I recently found myself on the terrace of a magnificent home here in Nashville, standing out in the cold with the owner under a space heater shaped like some sort of metal tree.
I happened to know that he is the founder and owner of a reputable mortgage brokerage here in town. Not only that, he owns a home that has a legitimate terrace, and is literally about ten times the size of my own house. So I had to ask:
“Tell me, Mr. Successful Guy, what is one key habit that has contributed to your success?”
He said, “Be consistently persistent. I tell my team all the time: keep chopping wood.”
He then relayed the following story:
About a decade ago, Jack Del Rio was at the helm of the Jacksonville Jaguars. He placed a very large tree stump out by the practice field and laid an ax beside it.
Jack expected each player to do simply their job, whatever it was, at 100% effort each day. Then, at the end of practice, if they could honestly tell themselves, “I gave 100% effort today,” they could take a swing at the stump. He told his team that none of them could split the log on their own, but if they all give 100% each day, then they could spilt the log in two. It had to be a team effort, and it had to be consistent effort, day in and day out.
Later on in the season, the Jags found themselves losing at halftime to an opponent whom they should have been handling with ease. Jack walked into the locker room and simply said, “Some of you guys weren’t chopping wood out there. You keep chopping wood, and you’ll win this game.”
It was so simple. Do your job. Do the task that has been assigned to you, take ownership of it, do it to the best of your ability.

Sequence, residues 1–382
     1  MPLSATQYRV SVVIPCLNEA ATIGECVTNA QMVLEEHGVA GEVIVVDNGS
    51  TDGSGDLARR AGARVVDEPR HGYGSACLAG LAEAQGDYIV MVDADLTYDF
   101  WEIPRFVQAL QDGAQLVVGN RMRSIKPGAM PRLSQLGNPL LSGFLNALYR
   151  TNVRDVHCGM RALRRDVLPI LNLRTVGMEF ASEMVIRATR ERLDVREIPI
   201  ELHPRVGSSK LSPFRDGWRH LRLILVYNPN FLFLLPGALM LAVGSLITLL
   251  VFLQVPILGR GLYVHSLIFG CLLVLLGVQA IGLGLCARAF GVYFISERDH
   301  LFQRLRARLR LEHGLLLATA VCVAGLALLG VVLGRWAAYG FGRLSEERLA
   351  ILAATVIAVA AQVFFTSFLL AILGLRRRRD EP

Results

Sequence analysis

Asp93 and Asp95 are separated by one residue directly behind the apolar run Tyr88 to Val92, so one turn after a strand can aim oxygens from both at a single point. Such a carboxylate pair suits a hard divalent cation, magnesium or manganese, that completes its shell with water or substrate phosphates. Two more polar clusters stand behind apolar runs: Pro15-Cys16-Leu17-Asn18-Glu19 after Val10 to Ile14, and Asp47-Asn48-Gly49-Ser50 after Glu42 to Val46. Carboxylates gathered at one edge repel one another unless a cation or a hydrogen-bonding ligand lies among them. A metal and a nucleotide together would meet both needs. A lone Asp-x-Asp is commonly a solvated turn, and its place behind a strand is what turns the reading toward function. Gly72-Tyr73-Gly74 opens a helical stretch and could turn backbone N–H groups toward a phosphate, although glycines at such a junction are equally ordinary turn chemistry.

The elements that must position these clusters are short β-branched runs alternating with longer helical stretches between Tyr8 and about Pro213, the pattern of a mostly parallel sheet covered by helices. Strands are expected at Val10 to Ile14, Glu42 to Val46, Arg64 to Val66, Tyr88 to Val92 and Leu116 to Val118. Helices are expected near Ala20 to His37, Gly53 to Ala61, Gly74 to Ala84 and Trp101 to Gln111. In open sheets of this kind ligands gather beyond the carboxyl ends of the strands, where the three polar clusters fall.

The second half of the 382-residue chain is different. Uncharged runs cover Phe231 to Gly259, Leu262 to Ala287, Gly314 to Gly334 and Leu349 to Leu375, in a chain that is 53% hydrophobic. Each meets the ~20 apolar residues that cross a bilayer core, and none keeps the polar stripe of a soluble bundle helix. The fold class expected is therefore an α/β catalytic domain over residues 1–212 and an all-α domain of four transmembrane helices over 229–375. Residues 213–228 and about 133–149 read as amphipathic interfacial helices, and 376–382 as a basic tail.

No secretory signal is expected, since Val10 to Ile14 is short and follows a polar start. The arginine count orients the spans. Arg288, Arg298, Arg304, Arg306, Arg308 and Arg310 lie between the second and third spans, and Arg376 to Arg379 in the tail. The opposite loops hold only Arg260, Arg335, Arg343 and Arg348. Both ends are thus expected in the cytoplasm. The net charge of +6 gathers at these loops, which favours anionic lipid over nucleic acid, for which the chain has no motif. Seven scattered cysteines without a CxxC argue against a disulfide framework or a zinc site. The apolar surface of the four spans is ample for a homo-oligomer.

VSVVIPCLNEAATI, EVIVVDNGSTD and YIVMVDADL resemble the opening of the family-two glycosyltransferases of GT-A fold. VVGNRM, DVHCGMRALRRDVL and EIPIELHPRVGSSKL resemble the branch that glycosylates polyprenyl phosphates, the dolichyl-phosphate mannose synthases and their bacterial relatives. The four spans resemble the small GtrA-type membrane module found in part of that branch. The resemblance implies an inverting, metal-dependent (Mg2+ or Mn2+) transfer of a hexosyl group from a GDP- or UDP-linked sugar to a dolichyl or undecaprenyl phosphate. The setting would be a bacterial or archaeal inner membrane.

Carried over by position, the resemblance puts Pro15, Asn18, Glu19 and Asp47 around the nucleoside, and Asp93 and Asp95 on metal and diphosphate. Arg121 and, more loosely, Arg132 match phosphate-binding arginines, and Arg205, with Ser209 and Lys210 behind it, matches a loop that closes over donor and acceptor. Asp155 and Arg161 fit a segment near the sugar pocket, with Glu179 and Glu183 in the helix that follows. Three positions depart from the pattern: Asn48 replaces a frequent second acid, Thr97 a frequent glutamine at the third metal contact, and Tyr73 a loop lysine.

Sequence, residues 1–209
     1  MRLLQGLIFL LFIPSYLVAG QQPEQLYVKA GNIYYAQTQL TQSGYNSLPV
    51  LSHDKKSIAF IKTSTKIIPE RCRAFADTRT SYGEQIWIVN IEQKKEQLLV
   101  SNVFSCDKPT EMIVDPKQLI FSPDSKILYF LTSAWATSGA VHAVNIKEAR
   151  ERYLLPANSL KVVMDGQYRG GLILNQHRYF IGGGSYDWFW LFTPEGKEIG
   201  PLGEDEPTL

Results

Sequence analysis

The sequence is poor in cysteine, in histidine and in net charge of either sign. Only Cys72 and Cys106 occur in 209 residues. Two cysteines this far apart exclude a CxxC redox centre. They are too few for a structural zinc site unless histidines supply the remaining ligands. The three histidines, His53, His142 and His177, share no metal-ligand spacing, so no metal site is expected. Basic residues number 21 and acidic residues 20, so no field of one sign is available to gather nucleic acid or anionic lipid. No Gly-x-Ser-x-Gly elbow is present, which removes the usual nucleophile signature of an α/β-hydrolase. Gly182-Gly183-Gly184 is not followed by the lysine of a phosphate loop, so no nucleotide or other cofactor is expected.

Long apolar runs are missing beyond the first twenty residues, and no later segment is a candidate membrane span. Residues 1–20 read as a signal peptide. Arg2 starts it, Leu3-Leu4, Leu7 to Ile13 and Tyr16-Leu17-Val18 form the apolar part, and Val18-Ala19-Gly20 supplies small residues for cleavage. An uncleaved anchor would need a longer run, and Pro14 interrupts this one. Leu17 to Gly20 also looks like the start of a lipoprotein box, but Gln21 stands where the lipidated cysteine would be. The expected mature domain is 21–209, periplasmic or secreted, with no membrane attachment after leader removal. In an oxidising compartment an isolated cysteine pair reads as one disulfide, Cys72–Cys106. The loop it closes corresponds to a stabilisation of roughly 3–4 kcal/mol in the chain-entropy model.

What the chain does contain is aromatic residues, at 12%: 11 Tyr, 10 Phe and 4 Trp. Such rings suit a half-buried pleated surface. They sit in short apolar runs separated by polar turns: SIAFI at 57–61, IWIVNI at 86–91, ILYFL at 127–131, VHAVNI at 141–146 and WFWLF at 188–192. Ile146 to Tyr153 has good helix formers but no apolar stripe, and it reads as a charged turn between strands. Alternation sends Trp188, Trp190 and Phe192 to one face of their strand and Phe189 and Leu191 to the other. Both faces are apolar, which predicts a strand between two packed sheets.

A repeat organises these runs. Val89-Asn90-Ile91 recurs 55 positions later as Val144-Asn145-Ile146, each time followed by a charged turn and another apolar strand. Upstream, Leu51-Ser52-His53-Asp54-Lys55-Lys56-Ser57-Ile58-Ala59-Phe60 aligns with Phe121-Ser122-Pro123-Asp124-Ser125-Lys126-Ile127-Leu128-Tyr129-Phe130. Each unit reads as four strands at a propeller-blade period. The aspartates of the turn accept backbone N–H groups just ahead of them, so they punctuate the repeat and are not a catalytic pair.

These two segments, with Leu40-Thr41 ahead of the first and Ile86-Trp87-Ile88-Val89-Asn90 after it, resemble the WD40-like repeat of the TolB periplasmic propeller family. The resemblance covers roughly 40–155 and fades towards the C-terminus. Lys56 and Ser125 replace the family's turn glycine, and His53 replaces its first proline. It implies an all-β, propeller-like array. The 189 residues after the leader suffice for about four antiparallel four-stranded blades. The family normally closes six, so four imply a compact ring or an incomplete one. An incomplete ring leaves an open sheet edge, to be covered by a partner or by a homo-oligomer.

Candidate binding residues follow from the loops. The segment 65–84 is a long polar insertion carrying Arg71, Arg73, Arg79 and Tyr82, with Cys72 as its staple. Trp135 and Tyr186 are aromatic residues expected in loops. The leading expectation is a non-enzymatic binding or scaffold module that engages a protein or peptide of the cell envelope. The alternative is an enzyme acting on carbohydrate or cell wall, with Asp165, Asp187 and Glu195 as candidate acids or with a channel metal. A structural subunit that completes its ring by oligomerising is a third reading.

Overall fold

The Jags came back and won.
I stood on the terrace of a $3 million mansion and asked the owner how to be successful, and his answer wasn’t a silver bullet. It wasn’t an earth-shattering revelation, reserved for the elite.
It was a simple, unalterable recipe for greatness: be persistently consistent. Do the right things, the most important things, without fail, over a long period of time. No one swing of the ax will split the stump in two. That happens over time.
In his fantastic book, The One Thing, Gary Keller talks about identifying the one or two most important tasks—those tasks that reap far and away the greatest rewards for the time invested—and committing to those tasks at the expense of all else.
Akin to Gary’s philosophy, Jack Del Rio beseeched his team to do their one assignment—run a route, block a linebacker, catch the ball, go through your progressions—consistently and consistently well.
Do that, and the results will take care of themselves.
And so I encourage you: commit to your most important tasks, do them consistently, and do them well. Let the results take care of themselves.
Keep chopping wood.
Brian Bandas spent a decade playing music professionally in Nashville, including forming the Billboard-topping band Love and Theft, and touring with Taylor Swift and Tim McGraw among many others. He now leads a team of top-producing real estate agents, as well as coaching both agents and entrepreneurs on leadership and effective communication. He also pours his heart and soul into his marriage to a “smart hot chick,” and into training up his two sons who are far cooler than he’ll ever be. Check out his blog, the #TakeAction video series, and more at www.brianbandas.com.